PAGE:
Star Wars Thoughts Part II: THE PREQUELS

Unknown|| You had one job.  One.

The Prequels were the first truly, almost wholly blank slate that the Star Wars Universe had had since Return of the Jedi in 1983.  The only constraint was that at the end of the Prequel Trilogy, Revenge of the Sith would lead into A New Hope and match the backstories, however ridiculous, that were established in The Empire Strikes Back and ROTJ.  There were several significant points where the storylines had to line up, and while there may well be many more, the ones that stand out to me are:

  • The Jedi are an ancient order remembered in legend
  • The last vestiges of the Jedi were hunted down and exterminated by Darth Vader
  • Darth Vader was a Jedi himself
  • The Empire rose when the Jedi could no longer oppose them
  • The Jedi were the guardians of peace and justice
  • Obi-Wan and Yoda were the only Jedi who survived
  • Darth Vader, né Anakin Skywalker, was Luke and Leia’s father


Several of these may well have already been covered in the myriad of Expanded Universe works, but since those were also wholly under Lucas’ control he wasn’t truly bound to them. So while more consistency with the EU would certainly be better, it wasn’t actually required.  And let’s face it- the Prequels most definitely did break new ground, though all too often it was only by digging themselves into a hole. (Midi-chlorians anyone?)

So the stage was set, the goals were clear, and… Lucas gave us an unmitigated shitshow of disappointment. Prior to The Force Awakens coming out I rewatched the Prequels with friends and quickly found that they had not aged well.  At all.  This was the first time I had seen them since they were in theater and while I defended them at the time, I had never felt particularly compelled to go back and re-watch them. Indeed if TFA* hadn’t come out, I doubt I would have ever watched them again as over the years I had increasingly joined the ranks of fans mocking them, and came to think that their best descriptor really was “apocryphal.”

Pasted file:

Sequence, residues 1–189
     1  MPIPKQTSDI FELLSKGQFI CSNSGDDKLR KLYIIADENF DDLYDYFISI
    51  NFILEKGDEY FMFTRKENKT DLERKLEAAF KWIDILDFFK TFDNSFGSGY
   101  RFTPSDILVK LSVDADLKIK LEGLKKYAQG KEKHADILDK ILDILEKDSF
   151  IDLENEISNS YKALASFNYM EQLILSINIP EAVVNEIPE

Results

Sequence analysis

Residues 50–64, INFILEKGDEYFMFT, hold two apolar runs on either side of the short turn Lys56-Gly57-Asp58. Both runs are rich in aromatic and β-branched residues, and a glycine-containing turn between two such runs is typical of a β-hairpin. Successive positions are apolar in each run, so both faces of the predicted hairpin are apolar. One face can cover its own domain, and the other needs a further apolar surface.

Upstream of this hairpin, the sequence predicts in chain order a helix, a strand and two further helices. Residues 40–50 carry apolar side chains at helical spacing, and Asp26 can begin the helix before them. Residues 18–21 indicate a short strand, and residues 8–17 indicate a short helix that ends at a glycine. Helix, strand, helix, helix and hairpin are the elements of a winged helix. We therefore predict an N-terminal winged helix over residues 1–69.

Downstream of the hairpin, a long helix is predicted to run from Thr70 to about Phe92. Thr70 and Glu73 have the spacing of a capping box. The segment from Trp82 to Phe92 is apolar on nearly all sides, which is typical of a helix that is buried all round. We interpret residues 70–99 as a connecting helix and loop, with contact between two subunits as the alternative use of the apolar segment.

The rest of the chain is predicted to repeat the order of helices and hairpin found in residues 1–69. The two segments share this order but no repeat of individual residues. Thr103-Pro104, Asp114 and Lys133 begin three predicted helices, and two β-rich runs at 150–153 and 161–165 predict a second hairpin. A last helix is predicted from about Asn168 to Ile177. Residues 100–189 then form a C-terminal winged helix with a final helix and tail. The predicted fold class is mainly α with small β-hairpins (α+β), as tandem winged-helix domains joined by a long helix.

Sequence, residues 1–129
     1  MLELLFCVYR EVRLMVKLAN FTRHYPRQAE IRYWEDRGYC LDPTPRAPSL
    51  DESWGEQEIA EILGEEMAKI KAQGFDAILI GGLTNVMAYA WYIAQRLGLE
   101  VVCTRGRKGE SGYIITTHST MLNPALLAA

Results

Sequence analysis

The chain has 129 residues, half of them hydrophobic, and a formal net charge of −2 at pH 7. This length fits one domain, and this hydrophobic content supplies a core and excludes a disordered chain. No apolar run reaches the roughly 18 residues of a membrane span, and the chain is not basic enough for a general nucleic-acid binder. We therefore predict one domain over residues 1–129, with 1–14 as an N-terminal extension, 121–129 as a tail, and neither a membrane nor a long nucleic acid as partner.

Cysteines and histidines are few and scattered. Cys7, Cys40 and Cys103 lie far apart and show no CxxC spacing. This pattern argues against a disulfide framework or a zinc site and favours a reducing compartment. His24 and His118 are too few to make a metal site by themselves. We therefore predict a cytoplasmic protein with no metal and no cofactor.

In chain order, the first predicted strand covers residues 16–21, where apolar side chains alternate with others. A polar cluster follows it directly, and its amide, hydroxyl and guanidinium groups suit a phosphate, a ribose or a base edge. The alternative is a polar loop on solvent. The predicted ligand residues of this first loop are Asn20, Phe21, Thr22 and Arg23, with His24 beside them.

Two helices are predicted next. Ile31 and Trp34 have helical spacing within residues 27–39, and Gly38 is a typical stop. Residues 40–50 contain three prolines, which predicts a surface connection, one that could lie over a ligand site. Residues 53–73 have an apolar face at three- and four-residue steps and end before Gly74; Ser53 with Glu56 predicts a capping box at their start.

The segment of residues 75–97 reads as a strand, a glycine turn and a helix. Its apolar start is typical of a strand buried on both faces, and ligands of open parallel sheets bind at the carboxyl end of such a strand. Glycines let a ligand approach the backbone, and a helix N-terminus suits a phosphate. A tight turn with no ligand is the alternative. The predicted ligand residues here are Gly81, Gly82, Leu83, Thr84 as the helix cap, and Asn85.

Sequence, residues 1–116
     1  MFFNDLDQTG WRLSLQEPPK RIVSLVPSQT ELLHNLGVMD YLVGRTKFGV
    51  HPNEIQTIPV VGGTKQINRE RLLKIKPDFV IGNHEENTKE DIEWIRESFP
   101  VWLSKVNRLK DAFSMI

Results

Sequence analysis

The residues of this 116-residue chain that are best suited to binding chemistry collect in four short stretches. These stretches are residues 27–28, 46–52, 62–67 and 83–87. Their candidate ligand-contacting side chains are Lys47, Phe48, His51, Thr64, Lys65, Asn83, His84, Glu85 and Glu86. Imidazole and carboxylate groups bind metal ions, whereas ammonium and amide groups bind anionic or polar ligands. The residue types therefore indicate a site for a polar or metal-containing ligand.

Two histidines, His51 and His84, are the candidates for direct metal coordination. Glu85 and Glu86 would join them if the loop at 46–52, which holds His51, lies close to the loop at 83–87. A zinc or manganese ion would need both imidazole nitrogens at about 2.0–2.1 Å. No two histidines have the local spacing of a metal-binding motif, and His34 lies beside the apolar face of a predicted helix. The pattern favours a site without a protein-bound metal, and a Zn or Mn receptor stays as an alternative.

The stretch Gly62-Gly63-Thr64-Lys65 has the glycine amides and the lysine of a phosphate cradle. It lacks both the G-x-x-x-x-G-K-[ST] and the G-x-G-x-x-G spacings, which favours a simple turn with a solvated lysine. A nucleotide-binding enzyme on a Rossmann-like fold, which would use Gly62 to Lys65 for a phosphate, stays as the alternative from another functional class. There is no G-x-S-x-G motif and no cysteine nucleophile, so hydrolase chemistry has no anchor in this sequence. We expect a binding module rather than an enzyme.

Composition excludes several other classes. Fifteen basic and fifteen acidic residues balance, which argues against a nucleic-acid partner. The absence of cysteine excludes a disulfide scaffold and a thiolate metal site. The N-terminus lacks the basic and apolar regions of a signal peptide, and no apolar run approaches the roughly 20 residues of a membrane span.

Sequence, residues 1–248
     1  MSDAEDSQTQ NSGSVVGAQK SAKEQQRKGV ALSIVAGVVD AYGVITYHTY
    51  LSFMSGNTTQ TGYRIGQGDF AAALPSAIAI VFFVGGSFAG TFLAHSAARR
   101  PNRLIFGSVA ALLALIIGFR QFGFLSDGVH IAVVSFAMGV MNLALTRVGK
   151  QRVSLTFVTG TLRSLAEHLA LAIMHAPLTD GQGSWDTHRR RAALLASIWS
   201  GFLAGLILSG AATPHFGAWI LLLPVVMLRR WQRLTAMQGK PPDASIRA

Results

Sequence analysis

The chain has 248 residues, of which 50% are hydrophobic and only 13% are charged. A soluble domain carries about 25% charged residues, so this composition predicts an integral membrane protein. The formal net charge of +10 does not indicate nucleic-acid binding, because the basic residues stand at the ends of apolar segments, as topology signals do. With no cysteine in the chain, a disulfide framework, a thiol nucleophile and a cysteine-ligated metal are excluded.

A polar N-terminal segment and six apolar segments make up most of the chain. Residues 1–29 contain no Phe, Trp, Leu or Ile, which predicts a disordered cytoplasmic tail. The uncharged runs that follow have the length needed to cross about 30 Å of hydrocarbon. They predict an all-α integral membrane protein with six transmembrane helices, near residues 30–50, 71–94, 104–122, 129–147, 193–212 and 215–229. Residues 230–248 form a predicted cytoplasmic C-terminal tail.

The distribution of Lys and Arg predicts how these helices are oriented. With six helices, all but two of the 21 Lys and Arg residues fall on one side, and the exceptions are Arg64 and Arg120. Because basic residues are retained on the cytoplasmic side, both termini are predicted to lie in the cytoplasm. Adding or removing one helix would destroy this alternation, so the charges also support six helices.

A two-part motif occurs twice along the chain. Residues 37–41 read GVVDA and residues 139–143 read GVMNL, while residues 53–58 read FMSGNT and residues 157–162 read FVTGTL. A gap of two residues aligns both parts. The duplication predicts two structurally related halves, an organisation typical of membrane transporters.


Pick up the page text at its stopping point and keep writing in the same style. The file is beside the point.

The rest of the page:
I have grown considerably since TPM came out, I have seen a lot more of life, and I have come to recognize and understand just how pervasive racism and sexism have is in our society.  So I literally shudder at my apologies explaining that TPM can’t be racist because– I hate so very much that I thought this was clever– it takes place long ago in a galaxy far, far away.  Ergo, any sort of racism seen in the characters is really a mirror of your racial biases projected onto aliens- that just happened to perfectly match said stereotypes.  That’s right, I had invoked the “you’re the real racist for pointing out my racism” screed without even knowing it was a thing.

But I am no longer that person, even though TPM is still that movie.  Not only did I wince throughout while re-watching it, I found it utterly failed to even remotely balance its sins with an otherwise worthwhile movie.  Indeed the Machete Order cuts its viewing completely as it doesn’t actually further SW’s storyline!  The Jedi are not only far from extinct within a couple of generations of ANH, but they are also blithely unconcerned with such injustices as slavery!  It wasn’t so much that they couldn’t do anything at the time, it’s that they wouldn’t do anything later either.  And that they weren’t even remotely bothered by that.  At the very least having Qui-Gon and Obi-Wan torn up inside about not being able to help would have added at least some moral depth.